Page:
That does not mean the FBI investigation is inherently improper. Journalists are no more entitled than any other citizen to commit crimes. If there is reasonable cause to believe O'Keefe and his associates committed federal crimes, then an FBI investigation is warranted as it is for any other case. But there has been no evidence presented that O'Keefe or Project Veritas employees have done anything of the sort, nor any explanation provided to justify these invasive searches. That we should want and need that is self-evident: if the Trump-era FBI had executed search warrants inside the newsrooms of The New York Times and NBC News, we would be demanding evidence to prove it was legally justified. Yet virtually nothing has been provided to justify the FBI's targeting of O'Keefe and his colleagues, and the little that has been disclosed by way of justifying this makes no sense.

    Greenwald makes an important point against those (like Dianne Feinstein) First Amendment press protections don't apply to people who "aren't real journalists". When any idiot can get their stories published where anyone in the Whole Wide World can see (and I'm living proof of that), the journalist/normal-person distinction is essentially defunct.

  • More on media malpractice… … from Bari Weiss, who dissects The Media's Verdict on Kyle Rittenhouse.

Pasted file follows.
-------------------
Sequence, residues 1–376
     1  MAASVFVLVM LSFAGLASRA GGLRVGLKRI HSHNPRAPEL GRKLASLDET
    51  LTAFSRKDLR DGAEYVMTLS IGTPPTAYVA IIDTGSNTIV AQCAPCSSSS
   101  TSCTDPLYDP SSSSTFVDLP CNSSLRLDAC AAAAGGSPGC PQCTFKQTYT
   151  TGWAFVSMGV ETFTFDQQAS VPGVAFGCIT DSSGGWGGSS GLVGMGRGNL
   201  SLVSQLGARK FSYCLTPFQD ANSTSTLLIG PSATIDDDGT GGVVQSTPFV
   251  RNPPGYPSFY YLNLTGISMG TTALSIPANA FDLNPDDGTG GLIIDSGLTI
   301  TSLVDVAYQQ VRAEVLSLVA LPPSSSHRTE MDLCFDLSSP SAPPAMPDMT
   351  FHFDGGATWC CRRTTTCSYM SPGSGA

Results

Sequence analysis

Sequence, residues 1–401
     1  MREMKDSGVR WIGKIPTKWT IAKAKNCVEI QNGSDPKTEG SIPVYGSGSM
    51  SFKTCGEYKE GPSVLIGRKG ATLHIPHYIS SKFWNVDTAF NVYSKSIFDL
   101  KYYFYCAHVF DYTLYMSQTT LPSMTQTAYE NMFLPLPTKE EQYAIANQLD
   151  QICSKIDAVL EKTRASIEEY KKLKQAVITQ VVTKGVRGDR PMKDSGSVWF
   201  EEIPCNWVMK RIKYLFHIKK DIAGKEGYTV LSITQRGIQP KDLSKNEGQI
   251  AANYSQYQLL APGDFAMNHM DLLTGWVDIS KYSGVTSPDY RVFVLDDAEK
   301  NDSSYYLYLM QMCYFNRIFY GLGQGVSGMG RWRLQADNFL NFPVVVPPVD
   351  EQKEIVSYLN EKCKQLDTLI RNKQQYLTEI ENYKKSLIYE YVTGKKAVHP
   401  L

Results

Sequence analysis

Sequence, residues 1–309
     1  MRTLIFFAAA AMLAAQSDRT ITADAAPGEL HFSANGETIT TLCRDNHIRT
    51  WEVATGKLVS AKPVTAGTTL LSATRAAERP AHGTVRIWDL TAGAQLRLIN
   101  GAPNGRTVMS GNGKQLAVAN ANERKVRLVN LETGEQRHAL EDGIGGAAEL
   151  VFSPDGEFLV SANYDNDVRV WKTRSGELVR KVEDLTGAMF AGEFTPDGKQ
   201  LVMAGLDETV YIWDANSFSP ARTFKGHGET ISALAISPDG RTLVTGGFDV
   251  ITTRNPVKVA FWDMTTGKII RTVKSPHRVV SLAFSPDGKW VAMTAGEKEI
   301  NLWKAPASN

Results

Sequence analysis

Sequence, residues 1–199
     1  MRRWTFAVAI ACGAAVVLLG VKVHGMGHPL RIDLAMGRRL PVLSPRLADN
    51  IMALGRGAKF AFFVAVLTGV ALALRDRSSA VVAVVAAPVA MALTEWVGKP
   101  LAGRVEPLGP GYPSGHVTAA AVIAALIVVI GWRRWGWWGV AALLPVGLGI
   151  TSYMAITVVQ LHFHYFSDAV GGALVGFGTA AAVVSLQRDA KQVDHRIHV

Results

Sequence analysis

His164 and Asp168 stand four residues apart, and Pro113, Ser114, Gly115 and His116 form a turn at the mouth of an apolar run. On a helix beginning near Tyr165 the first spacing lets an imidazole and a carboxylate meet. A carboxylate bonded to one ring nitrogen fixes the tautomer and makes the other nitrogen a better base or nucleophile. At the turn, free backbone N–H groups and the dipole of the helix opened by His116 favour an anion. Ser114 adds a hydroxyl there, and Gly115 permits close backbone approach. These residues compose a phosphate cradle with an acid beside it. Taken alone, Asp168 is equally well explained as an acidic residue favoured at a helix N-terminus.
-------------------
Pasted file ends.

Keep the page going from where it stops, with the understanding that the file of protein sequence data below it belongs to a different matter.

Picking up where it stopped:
Here is what I thought was true about Kyle Rittenhouse during the last days of August 2020 based on mainstream media accounts: The 17-year-old was a racist vigilante. I thought he drove across state lines, to Kenosha, Wisc., with an illegally acquired semi-automatic rifle to a town to which he had no connection. I thought he went there because he knew there were Black Lives Matter protests and he wanted to start a fight. And I thought that by the end of the evening of August 25, 2020, he had done just that, killing two peaceful protestors and injuring a third.

    It turns out that account was mostly wrong.

    Unless you’re a regular reader of independent reporting — Jacob Siegel of Tablet Magazine and Jesse Singal stand out for being ahead of the pack (and pilloried, like clockwork, for not going along with the herd) — you would have been served a pack of lies about what happened during those terrible days in Kenosha. And you would have been shocked over the past two weeks as the trial unfolded in Wisconsin as every core claim was undermined by the evidence of what actually happened that night.

    As I type, the Rittenhouse jury is out. I don't think he's a hero, I think he showed plenty of bad judgment, but illegal? I got reasonable doubt about that. But I didn't see what the jury saw.